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Most of you are, I suppose, astonished at what I am saying, and think that in praising him I am condemning Athens, since he, after having captured so many cities and having never lost a single one, was tried for treason, and again when he submitted his reports, and Iphicrates took upon himself the responsibility for the conduct of the campaign and Menestheus accounted for the moneys expended upon it, they, on the one hand, were acquitted, while Timotheus was fined a larger sum than anyone in the past had ever been condemned to pay.1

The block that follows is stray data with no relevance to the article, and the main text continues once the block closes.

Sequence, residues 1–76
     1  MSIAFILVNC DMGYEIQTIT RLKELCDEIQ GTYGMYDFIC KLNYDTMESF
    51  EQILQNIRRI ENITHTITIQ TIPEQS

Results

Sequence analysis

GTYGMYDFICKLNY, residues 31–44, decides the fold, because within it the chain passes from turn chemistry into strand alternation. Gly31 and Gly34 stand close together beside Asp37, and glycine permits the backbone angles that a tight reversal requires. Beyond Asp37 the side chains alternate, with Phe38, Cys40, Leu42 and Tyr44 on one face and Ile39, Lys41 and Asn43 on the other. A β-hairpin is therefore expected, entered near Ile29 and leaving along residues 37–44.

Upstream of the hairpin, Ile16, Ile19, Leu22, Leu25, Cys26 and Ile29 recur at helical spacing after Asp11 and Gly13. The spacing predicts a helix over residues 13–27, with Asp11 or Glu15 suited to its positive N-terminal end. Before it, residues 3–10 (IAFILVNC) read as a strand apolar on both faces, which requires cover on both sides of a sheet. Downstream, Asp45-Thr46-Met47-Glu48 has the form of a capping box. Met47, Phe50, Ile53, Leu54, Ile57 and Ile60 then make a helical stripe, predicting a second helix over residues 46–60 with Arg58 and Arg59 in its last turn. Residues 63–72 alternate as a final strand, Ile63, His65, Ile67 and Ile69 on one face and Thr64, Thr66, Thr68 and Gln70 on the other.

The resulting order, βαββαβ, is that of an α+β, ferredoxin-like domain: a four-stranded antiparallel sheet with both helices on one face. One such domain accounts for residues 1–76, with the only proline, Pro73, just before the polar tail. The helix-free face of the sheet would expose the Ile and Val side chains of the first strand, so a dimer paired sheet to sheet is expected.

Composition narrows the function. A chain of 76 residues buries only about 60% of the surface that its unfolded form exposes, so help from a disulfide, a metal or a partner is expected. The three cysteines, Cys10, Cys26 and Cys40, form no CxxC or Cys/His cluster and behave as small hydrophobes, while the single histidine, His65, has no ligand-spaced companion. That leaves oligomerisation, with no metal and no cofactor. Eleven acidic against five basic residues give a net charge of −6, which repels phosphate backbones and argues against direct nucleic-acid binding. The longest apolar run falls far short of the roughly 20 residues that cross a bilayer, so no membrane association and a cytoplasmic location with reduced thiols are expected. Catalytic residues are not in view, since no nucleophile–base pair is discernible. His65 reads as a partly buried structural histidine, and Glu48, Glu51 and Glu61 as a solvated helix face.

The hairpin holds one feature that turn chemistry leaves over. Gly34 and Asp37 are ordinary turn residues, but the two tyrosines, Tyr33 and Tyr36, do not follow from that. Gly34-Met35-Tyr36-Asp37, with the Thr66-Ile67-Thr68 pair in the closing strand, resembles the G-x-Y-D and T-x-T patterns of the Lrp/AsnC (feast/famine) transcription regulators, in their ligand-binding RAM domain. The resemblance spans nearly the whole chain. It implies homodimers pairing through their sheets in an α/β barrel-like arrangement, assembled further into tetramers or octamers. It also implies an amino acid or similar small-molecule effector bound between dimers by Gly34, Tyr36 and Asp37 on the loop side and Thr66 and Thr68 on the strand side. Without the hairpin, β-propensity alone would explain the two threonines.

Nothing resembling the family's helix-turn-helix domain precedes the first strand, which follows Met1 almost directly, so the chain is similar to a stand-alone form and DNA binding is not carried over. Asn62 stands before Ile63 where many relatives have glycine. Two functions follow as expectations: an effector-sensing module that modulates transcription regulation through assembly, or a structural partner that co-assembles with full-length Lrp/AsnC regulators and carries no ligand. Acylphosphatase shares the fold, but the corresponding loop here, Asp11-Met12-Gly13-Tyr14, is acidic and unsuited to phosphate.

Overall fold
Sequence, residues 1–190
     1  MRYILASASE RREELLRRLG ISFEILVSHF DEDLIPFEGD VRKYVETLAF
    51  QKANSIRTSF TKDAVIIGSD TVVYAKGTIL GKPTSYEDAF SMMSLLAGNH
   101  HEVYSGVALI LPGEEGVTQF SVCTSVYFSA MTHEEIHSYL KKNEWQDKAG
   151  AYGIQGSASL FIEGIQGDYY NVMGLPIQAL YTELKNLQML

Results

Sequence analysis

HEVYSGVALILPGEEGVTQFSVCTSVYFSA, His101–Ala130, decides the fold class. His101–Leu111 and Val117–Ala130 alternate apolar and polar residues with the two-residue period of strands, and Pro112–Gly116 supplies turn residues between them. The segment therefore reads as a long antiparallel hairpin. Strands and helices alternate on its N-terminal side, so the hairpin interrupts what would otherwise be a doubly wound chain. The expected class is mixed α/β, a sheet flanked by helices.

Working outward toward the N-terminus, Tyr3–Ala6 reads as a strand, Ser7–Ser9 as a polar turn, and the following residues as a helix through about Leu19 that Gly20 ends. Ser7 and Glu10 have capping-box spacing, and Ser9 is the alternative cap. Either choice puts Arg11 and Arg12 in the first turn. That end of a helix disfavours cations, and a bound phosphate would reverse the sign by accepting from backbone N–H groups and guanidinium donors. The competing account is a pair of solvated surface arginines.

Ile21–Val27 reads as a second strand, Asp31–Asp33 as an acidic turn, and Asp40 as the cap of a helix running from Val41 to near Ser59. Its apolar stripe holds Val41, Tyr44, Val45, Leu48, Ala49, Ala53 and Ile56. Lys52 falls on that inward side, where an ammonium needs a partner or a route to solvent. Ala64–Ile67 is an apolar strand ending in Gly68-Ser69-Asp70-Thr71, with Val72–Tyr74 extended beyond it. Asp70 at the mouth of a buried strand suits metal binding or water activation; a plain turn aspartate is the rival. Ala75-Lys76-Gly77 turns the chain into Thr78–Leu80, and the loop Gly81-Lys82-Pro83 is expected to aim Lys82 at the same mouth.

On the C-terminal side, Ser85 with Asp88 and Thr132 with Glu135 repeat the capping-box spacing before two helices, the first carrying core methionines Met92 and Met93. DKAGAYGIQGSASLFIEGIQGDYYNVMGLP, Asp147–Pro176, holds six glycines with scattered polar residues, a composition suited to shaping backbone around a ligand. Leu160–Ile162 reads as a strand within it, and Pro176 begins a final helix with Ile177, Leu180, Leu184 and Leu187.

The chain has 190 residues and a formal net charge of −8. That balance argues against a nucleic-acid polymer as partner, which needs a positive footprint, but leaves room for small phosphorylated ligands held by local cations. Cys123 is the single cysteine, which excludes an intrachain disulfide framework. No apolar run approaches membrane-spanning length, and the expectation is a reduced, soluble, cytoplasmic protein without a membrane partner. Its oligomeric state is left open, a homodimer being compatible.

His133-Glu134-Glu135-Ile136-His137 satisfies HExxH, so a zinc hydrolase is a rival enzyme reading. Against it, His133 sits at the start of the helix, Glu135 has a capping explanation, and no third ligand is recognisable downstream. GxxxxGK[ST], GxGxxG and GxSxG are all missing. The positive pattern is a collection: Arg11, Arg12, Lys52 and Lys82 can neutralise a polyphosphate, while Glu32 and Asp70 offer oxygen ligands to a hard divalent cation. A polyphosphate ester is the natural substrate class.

1 In the campaign against Byzantium, which was aided by the Chians and their allies (357 B.C.), a conflict arose between Chares and the other commanders of the Athenian fleet, Timotheus, Iphicrates, and Menestheus, Iphicrates' son. Chares persisted in carrying out a plan of attack which had been agreed upon but which the others abandoned on account of a storm. Unsupported in this, he was defeated. Returning to Athens, he then charged his colleagues with treason and corruption. In the trial Iphicrates shouldered the responsibility for the campaign, and Menestheus gave a full accounting for the receipts and expenditures. They were acquitted, while Timotheus, never popular with the demos, was fined 100 talents. See § 101, note. Isocrates' version of the facts is generally accepted. See Grote, History, vol. xi. pp. 30 ff.

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